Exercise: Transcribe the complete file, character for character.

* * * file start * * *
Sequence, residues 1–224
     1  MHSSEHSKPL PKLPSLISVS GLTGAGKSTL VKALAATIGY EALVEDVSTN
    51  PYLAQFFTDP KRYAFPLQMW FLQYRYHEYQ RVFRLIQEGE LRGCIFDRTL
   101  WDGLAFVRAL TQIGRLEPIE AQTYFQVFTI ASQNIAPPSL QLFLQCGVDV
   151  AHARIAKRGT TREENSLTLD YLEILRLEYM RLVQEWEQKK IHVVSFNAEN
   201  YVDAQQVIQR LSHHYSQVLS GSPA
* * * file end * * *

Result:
Sequence, residues 1–224
     1  MHSSEHSKPL PKLPSLISVS GLTGAGKSTL VKALAATIGY EALVEDVSTN
    51  PYLAQFFTDP KRYAFPLQMW FLQYRYHEYQ RVFRLIQEGE LRGCIFDRTL
   101  WDGLAFVRAL TQIGRLEPIE AQTYFQVFTI ASQNIAPPSL QLFLQCGVDV
   151  AHARIAKRGT TREENSLTLD YLEILRLEYM RLVQEWEQKK IHVVSFNAEN
   201  YVDAQQVIQR LSHHYSQVLS GSPA